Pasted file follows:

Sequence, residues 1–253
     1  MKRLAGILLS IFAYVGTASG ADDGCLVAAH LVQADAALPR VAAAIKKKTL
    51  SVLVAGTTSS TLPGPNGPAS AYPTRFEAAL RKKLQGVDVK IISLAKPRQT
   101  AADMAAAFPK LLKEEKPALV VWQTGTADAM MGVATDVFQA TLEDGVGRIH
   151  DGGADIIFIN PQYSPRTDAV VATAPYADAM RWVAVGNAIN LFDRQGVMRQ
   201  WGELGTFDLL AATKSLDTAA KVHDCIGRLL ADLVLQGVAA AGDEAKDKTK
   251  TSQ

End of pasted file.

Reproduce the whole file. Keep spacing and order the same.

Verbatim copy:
Sequence, residues 1–253
     1  MKRLAGILLS IFAYVGTASG ADDGCLVAAH LVQADAALPR VAAAIKKKTL
    51  SVLVAGTTSS TLPGPNGPAS AYPTRFEAAL RKKLQGVDVK IISLAKPRQT
   101  AADMAAAFPK LLKEEKPALV VWQTGTADAM MGVATDVFQA TLEDGVGRIH
   151  DGGADIIFIN PQYSPRTDAV VATAPYADAM RWVAVGNAIN LFDRQGVMRQ
   201  WGELGTFDLL AATKSLDTAA KVHDCIGRLL ADLVLQGVAA AGDEAKDKTK
   251  TSQ